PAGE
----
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Original Issue



Boxing is a sport of survival. Its practitioners learn to defend themselves with their fists, and many of them, realistically or not, count on their ring careers to lift them out of the barrios and the ghettos and lead them to a better life. The sense of hope that pervades the sport lends poignancy both to the death in the ring last November of Willie Classen (page 62) and to the plane crash in Poland last Friday morning that killed 87 people, including 22 members and officials of a U.S. amateur boxing team.

Capricious twists of fate put certain fighters on the doomed LOT jetliner—and left certain others off. The Americans were scheduled to fight in Katowice and Cracow and heavyweight Kelvin Anderson of Hartford was along only because he had failed to obtain a visa in time to make an alternate trip to East Germany. Flyweight George Pimentel made the trip after having lost a controversial decision in the semifinals of New York's Golden Gloves tournament; had he won, he would have stayed home to fight in the finals. On the other hand, Houston's Ronnie Shields passed up the trip because he had the flu, while heavyweight Marvis Frazier skipped it because the bouts in Poland didn't fit in with the career plans his dad, Joe, has carefully mapped out for him. Another heavyweight, Jimmy Clark, was delayed visiting relatives and missed the flight.

The 14 fighters who wound up aboard the jetliner when it departed JFK airport were neither the U.S. boxing team, as first reports had it, nor the collection of second-stringers that subsequent accounts made them out to be. Six of them were teen-agers and Bob Surkein, the AAU boxing chairman, said of them, "They were just babies. They got sweat suits with USA on them, and they wore them all over the country like the proud kids they were." But 23-year-old Lemuel Steeples, who won a gold medal at last summer's Pan American Games, was on the team, as were several others of proved or potential Olympic caliber.

The team's coach was Tom (Sarge) Johnson, a retired Army master sergeant who lived in Indianapolis. The 58-year-old Johnson was a good-natured man who made young boxers feel at ease in his company while still commanding their respect. "He liked to joke and laugh, but when he was serious, you'd better pay attention," Sonny Long, a flyweight who once trained under him, recalls. Johnson was an assistant coach of the U.S. team at the 1976 Olympics that produced five gold medalists, one of whom, Sugar Ray Leonard, said last week, "Sarge was just beginning to get the recognition he deserved. He was really the one who put together those five gold medals."

Johnson wasn't lacking for recognition in Asia and Africa, where he conducted clinics for the State Department. In Mali last summer, he made a point of exhorting local boxers to represent their country with dignity and never to make excuses; at the end of his stay, officials there staged a boxing program in his honor. He visited the Seychelles on the same trip and that country's national coach later said, "Sarge had the boys eating out of his hands." A U.S. embassy official in the Seychelles stopped by the gym and marveled, "I was able to observe the effect this man has on the young men. They love him." Johnson also had a profound influence on boxers in Kenya, which is scheduled to send a team to the U.S. next month. Because of the plane crash in Poland, the Kenyans must now change part of their plans. Although their boxers are going to fight Americans during the trip, Kenyan officials had taken the extraordinary step of arranging to have Sarge Johnson in their corner.


USC's Billy Mullins is fast—he won the 1978 NCAA 400-meter championship in 45.33—but could he be this fast? The Los Angeles Times reported last week that Mullins had received 28 credits in the fall of 1977 from four Los Angeles area community colleges—Pasadena, Los Angeles, West Los Angeles and Rio Hondo. Some of the credits, which enabled him to transfer the following spring to Southern Cal with full track eligibility, were for classes close in time and distant in mileage. For instance, according to the Times, Mullins supposedly took Economics IA at 8 a.m. at Rio Hondo, Chemistry 22 at 9 a.m. at Pasadena, 20 miles away, and Literature 1B at 10 a.m. back at Rio Hondo.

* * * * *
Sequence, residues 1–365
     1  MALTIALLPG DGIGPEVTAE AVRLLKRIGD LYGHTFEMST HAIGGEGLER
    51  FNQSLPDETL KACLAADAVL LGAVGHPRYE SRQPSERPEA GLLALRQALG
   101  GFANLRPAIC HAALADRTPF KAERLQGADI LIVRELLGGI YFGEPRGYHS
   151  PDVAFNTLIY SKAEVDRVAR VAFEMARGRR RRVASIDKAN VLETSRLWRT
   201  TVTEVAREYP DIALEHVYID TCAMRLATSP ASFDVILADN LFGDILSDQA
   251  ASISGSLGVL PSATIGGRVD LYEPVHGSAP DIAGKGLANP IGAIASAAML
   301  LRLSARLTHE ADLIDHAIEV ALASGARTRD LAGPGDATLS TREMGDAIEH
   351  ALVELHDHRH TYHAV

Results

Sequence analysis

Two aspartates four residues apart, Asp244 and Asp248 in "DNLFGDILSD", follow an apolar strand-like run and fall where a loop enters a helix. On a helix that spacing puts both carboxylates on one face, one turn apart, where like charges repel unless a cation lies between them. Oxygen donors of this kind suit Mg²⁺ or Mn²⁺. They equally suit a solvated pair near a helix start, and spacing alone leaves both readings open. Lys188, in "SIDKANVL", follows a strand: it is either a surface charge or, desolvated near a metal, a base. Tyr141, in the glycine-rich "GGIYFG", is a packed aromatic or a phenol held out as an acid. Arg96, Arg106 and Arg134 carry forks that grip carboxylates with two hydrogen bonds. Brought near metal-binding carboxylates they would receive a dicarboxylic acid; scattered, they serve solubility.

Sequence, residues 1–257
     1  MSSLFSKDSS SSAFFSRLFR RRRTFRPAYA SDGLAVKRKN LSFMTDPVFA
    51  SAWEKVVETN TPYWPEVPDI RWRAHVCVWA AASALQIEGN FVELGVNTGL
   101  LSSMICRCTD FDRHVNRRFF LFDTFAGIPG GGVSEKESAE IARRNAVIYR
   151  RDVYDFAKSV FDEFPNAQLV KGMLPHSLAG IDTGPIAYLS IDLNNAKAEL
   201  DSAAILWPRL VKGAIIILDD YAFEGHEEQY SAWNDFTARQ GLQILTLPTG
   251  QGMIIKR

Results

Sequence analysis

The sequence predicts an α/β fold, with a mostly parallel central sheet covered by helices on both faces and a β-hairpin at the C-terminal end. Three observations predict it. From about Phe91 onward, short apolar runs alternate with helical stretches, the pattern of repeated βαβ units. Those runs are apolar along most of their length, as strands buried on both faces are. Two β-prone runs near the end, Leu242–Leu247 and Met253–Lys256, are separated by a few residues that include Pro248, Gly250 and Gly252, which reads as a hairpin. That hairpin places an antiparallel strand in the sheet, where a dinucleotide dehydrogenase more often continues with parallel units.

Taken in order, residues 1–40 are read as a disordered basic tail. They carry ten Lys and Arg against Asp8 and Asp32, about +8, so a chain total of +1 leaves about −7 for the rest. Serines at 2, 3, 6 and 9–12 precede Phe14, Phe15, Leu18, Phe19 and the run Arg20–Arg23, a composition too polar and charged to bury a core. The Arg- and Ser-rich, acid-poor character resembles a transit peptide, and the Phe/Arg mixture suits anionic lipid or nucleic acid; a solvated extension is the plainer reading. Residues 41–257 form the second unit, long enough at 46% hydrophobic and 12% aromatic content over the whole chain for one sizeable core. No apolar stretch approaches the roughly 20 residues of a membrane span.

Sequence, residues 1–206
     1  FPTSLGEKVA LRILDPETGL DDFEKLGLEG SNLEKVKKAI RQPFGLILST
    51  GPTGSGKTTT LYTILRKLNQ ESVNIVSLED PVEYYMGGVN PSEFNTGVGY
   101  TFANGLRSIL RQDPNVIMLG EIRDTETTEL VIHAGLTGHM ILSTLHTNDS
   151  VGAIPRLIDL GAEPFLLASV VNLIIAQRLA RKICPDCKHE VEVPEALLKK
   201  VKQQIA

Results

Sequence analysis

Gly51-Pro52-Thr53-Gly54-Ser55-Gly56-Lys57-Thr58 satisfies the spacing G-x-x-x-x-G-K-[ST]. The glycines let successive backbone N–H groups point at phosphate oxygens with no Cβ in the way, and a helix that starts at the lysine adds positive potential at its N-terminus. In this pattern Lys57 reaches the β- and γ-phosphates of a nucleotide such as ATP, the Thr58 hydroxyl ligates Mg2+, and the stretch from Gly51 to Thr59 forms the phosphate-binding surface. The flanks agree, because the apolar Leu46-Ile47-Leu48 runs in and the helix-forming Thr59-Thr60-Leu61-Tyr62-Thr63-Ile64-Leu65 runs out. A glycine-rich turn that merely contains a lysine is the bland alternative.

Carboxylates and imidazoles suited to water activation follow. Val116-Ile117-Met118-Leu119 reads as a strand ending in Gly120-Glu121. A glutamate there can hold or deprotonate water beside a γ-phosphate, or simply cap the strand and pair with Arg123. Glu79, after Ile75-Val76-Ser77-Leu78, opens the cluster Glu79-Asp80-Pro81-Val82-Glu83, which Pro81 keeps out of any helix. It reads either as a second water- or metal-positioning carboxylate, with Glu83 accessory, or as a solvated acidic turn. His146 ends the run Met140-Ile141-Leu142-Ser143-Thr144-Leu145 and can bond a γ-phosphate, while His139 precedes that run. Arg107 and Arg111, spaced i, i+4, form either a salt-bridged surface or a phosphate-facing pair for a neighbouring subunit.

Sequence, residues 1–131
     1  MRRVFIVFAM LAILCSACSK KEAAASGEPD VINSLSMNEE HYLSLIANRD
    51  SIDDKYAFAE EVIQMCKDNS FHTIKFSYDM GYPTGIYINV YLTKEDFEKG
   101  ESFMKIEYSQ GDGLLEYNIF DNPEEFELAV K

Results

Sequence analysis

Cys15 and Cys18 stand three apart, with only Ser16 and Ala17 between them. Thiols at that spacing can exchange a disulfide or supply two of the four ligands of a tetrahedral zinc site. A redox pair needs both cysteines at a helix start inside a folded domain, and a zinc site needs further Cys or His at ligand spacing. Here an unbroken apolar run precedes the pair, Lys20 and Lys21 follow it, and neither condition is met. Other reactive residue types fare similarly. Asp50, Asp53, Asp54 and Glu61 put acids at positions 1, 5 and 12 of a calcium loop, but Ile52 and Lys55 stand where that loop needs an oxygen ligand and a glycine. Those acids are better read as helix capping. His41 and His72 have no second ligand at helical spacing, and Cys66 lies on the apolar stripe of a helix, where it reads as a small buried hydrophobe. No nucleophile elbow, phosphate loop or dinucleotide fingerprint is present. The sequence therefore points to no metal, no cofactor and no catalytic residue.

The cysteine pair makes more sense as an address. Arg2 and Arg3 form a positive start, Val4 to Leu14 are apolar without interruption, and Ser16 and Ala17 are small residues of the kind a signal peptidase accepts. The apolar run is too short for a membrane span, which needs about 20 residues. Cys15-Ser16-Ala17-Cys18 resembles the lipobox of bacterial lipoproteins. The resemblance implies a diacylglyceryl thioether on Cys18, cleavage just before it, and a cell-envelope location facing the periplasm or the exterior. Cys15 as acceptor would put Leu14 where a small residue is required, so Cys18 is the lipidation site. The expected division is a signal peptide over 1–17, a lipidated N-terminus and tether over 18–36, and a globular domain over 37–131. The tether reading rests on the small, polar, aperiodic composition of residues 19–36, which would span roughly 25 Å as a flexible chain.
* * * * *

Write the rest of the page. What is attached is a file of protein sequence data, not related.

"I did a lot of driving," Mullins was quoted as saying of his whirlwind schedule. But the Times didn't let it go at that. It said that Mullins lives with his parents and quoted his father as asking, "How could he attend four schools? I don't remember anything like that." And E. John Larsen, the USC faculty athletic representative, conceded that Mullins would have had trouble attending Economics IA, Chemistry 22 and Lit 1B on the same day, even if he were wind assisted.


What can a U.S. boycott of the Moscow Olympics possibly accomplish? Although President Carter sometimes seems to contradict himself about the objectives, a boycott would, if nothing else, constitute an unmistakable expression of solidarity with the oppressed people of Afghanistan. Solidarity? Oppressed people? If this seems like a refrain out of the U.S.S.R.'s own songbook, you're right. Despite their insistence that the U.S. shouldn't be mixing politics and sport, Soviet officials have not exactly been bashful themselves about using boycotts as a political weapon.

Here are some of the events Soviet sportsmen have boycotted: dual track meets with the U.S. in 1966, 1967 and 1968, to protest American involvement in Vietnam; the 1967 World University Games in Tokyo, because of a dispute over the exact wording of North Korea's name; the qualifying round of the 1974 soccer World Cup, because it was to be held in Chile; the 1975 modern rhythmic gymnastics world championships, to protest host Spain's execution of Basque terrorists; the 22nd Chess Olympics in 1976, because it was held in Israel; and both the 1978 world shooting and 1979 women's world basketball championships, because in each instance South Korea was the host. The U.S.S.R. also has refused for political reasons to play Chile in the Davis Cup and has boycotted numerous sports events staged in West Berlin, including the European table tennis championships (1963), the women's team handball world championships (1965), the junior world championships in modern pentathlon (1973), the world speed-skating sprint championships (1976) and the world archery championships (1979).